Season 4 and its True Significance: The Exodus

It has been exactly a month since the conclusion of the biggest event of the LoL Esports calendar. On the 19th of October this year, Samsung White achieved the highest accolade: the World Championship.

It has been exactly a month since the conclusion of the biggest event of the LoL Esports calendar. On the 19th of October this year, Samsung White achieved the highest accolade: the World Championship. In their home country, to a crowd of 40,000 no less, in the Seoul World Cup stadium. While their opponents Starhorn Royal Club were not fancied to take the title due to their opponents’ overwhelming strength leading up to the finals, there was still a sense of intrigue as SHRC was a curious case of two Korean players moving to another region to play competitively. Somehow, they had reached the finals seemingly through communicating via smart pings in game. Korean pros looked on in wonder and envy as their compatriots took to the World finals with their heads held up high, regardless of the results. However, there was the matter of the event itself being held a full seven days after the semi-finals. Within Korea, there were already rumours that Korean players were set to follow in inSec and Zero’s footsteps and join Chinese organisations, funded mainly by billionaires who were all too ready to have the best players play for them.

Even though Samsung White would take out Royal 3-1, the situation had become very awkward for KeSPA organisations, including Samsung. Their players were clamouring for larger salaries even in the midst of the World Championship. For them, the title was already an afterthought. Joyous as the occasion was of being World champions, the Samsung players felt that they should be remunerated for far more since they had won (for SSW) and made it to the semi-finals (for Samsung Blue). They could not come to an agreement, however, and a month later it was reported officially by Inven that all 10 Samsung players, and their substitute players, had left the organisation and joined other teams. Already before that, KaKAO and Rookie from KT Rolster A had announced their departure from Korea, for pastures new. This was the first huge news and also the one that had organisations really sweating. Not only did their star players leave, the other KT squad was in a miserable state and was in no shape to compete for top honours.

Had China not decided to flex its financial muscle, the Korean players would probably still be competing in their native region, for far less than what they would be getting now with their new teams. Indeed, Korean esports teams has had a history of underpaying players because of their young age and eagerness to be pros, which gave the organisations leverage when it came to salaries. Before the changes implemented by Riot Korea and KeSPA, players had no minimum salary and their contracts were under full power of the organisations. “I can pick a random Challenger player from solo queue to replace you if you’re not doing well! Why should I be paying you more than peanuts?” was apparently the credo of a majority of KeSPA organisations. A cut-throat apporach to roster swapping was also a large part of why Koreans were so dominant in the past three seasons since they emerged on the scene. Jobs were far from secure as a result.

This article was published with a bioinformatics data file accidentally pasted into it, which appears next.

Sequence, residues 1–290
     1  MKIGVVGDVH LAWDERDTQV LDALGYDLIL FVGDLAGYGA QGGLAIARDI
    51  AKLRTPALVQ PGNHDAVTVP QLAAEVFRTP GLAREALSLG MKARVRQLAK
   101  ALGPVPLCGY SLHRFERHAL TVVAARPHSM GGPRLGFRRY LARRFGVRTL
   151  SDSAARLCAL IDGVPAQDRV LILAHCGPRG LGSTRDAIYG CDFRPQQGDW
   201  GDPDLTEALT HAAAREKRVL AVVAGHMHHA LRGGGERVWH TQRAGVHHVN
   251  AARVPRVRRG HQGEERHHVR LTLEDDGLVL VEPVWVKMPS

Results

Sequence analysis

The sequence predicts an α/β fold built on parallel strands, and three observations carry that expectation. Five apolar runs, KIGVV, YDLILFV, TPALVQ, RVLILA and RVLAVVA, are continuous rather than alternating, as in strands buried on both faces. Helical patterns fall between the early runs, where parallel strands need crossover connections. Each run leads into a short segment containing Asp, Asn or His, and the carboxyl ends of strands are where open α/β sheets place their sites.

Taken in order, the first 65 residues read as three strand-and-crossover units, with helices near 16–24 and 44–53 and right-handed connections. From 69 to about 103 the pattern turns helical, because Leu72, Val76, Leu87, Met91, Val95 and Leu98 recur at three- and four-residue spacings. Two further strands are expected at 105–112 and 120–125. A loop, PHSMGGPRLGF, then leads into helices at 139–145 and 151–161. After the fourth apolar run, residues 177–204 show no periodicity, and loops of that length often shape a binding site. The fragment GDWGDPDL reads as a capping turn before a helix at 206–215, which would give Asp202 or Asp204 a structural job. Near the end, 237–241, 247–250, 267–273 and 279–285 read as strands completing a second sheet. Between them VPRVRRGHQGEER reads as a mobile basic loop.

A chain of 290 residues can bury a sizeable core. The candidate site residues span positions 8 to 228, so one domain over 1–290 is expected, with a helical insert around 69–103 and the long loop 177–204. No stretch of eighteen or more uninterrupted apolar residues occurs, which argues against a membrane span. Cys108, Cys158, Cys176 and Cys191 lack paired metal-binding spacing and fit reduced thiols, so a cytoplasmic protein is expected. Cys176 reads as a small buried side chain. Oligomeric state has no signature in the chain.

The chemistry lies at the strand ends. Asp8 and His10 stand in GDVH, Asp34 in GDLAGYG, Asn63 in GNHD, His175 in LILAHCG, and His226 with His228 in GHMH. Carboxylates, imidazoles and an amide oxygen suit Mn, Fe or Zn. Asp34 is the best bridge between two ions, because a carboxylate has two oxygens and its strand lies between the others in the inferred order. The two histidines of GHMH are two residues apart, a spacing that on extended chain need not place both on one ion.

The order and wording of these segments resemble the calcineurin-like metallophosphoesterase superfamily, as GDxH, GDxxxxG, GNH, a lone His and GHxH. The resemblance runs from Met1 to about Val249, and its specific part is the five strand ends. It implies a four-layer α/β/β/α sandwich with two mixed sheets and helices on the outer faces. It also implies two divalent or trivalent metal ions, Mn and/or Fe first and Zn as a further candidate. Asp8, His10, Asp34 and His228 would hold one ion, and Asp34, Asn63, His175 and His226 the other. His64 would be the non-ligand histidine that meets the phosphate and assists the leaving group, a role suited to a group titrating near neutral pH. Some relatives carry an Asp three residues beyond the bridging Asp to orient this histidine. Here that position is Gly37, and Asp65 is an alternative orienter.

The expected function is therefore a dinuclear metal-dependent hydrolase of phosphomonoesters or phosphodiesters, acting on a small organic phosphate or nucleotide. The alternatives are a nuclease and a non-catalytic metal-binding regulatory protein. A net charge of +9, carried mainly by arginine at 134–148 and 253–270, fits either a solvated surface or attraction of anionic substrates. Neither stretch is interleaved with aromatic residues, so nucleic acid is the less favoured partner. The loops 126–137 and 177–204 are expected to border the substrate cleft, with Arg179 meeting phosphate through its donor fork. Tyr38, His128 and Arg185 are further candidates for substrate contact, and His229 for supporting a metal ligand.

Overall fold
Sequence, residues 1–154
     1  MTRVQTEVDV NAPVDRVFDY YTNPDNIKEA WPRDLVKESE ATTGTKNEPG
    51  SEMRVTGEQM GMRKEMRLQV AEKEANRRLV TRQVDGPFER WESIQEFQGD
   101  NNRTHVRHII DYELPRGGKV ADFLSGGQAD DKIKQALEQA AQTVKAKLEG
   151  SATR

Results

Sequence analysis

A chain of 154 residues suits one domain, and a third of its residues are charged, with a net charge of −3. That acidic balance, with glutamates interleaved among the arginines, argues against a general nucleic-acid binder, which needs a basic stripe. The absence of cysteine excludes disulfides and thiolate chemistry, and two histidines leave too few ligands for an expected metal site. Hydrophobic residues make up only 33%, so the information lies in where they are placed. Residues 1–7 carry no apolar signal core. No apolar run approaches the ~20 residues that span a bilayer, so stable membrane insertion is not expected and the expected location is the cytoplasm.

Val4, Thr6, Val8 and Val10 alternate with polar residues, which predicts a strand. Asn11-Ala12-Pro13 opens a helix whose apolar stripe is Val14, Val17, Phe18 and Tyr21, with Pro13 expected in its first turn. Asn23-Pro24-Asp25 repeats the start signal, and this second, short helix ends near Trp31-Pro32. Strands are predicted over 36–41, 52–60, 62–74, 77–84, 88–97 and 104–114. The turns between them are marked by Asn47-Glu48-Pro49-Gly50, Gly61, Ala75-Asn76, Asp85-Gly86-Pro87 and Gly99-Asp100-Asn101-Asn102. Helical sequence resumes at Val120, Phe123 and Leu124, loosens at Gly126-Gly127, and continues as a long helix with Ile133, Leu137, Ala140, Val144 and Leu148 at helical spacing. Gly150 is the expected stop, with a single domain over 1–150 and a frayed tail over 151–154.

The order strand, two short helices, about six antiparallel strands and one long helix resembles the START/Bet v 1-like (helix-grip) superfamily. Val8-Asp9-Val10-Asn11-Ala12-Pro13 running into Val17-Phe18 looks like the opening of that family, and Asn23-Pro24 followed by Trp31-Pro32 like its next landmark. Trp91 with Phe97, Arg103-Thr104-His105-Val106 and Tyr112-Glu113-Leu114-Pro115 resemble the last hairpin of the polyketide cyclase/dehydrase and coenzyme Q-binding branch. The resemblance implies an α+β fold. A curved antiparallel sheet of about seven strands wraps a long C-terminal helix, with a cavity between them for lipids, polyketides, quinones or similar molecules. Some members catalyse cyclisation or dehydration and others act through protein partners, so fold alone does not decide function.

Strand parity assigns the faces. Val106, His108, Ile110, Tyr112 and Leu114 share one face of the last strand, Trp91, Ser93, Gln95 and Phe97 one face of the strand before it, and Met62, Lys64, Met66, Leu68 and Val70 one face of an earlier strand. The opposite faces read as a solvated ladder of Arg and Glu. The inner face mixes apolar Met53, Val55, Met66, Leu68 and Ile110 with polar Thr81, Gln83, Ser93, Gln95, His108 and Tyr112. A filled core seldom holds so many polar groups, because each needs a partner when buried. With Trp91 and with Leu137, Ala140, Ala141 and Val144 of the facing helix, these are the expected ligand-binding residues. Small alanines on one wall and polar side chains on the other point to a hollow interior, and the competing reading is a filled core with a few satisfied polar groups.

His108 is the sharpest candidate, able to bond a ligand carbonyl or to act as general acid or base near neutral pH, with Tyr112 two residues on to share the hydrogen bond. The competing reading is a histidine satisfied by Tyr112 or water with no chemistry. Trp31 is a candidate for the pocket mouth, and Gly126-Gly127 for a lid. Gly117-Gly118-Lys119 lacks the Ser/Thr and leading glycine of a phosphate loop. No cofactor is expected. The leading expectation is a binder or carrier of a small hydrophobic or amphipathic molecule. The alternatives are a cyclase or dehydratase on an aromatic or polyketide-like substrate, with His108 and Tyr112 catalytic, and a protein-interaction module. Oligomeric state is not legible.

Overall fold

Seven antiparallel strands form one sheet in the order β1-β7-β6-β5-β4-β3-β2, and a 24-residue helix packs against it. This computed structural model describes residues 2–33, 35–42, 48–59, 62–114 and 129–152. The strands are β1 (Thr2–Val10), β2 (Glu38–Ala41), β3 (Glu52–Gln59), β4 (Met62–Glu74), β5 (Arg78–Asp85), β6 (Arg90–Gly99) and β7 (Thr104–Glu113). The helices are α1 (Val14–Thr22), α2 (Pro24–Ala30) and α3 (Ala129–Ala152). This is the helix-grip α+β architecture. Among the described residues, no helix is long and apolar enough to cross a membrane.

It is perhaps then, a blessing that we are now seeing far better conditions for pro players in Korea thanks to the LoL boom that China is experiencing right now. Even their second-tier league LSPL can be said to be far more competitive than any other Challenger scene out there. Of course, there is no shortage of talent in a country of more than 1.3 billion people, and more and more big sponsors are entering the scene. But as we’ve seen in Season 4, not all Korean imports are guaranteed to find success in China or other regions. In fact, there have probably been more flops than successes; World Elite and Invictus Gaming were the biggest examples of this. The likes of Yongsoo, Ninja and Old B, considered 2nd-3rd tier Koreans, could not be said to have done well in their respective clubs at all. That they all failed to show up at Worlds is the biggest indicator, but they did not show good results regionally either. The now ex-coach of World Elite, Hiro, was widely criticised by their fans for these acquisitions, bad results and tainting of World Elite’s historical ‘nationalism’. However, the policy of having Korean players in the team does not appear to have changed, though we still have to wait for the end of the transfer window in China to see if Old B and Ninja remain, now that their coach is gone.. Even in Royal Club, Uzi was said to have gotten into a physical altercation with inSec prior to Worlds, mainly over the disproportionate wages that the Koreans in the team were getting compared to their own. It is difficult to tell whether the Koreans will be accepted at all in their new teams by fans or by their teammates coming into Season 5, but things don’t look rosy from a cultural point of view.